Motorists frustrated over north Charlotte road project

Updated: May. 24, 2019 at 8:47 AM EDT
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CHARLOTTE, N.C. (WBTV) - The North Graham Street extension project in north Charlotte is one of the biggest and most complex road construction projects in Charlotte. It’s been underway for five years, since 2014.

A lot of folks are wondering if it will ever be completed.

It’s been said, “Rome wasn’t built in a day," but some folks believe Rome was built a lot quicker than the North Graham Street extension project.

It’s a huge project, encompassing more than three miles of roadway. It’s complex as well, largely in part because of extensive utility issues that actually led to a one year delay on the project.

Record-breaking rain over the last year also caused delays. That has brought on a lot of frustration from motorists.

It’s something Jen Thompson of the North Carolina Department of Transportation understands. She says, “It’s not unusual to have, you know, problems like this on projects. Our goal with every project is to deliver it on time and under budget. That’s our goal every time. But we run into delays like this across the state and we have to partner with the contractor to work through it, to deliver it. And we’re just running into some unique issues with this one.”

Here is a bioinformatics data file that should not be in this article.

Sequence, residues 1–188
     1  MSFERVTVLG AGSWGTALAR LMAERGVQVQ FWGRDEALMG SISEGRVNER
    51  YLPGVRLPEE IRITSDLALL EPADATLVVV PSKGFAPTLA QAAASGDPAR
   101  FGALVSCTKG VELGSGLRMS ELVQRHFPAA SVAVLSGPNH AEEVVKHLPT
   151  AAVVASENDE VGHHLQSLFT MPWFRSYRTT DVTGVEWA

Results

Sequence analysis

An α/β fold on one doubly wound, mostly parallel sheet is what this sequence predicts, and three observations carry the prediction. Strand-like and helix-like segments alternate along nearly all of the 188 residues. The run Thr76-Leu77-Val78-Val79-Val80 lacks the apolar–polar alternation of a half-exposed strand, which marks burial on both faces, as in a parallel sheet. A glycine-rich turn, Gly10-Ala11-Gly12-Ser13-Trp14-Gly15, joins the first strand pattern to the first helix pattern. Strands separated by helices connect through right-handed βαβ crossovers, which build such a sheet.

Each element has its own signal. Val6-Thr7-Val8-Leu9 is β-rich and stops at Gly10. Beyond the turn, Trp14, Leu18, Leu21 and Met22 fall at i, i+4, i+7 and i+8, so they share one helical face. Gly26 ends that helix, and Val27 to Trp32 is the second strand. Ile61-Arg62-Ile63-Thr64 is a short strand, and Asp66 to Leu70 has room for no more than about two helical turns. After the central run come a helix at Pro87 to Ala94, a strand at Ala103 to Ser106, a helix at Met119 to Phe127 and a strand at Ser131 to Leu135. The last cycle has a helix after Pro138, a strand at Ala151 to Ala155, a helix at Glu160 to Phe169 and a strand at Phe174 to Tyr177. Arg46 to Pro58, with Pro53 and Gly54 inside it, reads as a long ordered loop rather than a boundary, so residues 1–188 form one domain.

One of the biggest concerns many people have about the project, is the intersection here at Harris Boulevard and Mallard Creek Road. It's been more than two years since the two turning lanes from Harris Boulevard onto Mallard Creek Road were reduced to one lane.

The big question many motorists have been asking is: why was it necessary to shut down the turning lane so long ago, when so little has been done at the intersection in that time? Thompson explains, “It was one of the early phases of the project where we had to remove curb, gutter, sidewalk. They had to install some sewer and they had to keep that traffic control in place."

The good news is, DOT says significant construction work on the intersection will get underway by the end of June. Thompson adds, "But we hope that we can have the public's understanding, that we've got a date in sight, we want to meet that date. We're doing everything we can to be aggressive as we can about it. Hopefully we'll have a good summer. We'll have a dry summer. And we can really make some progress out here, but understanding that, you know, we've already had these other delays because of utilities. Because of weather last year and because we've added other work to the job, so that has extended the life of the project."

The project completion date has been pushed back to November of this year. If the contractor hasn’t completed the work by then, the state will begin imposing fines of $4,000 a day.

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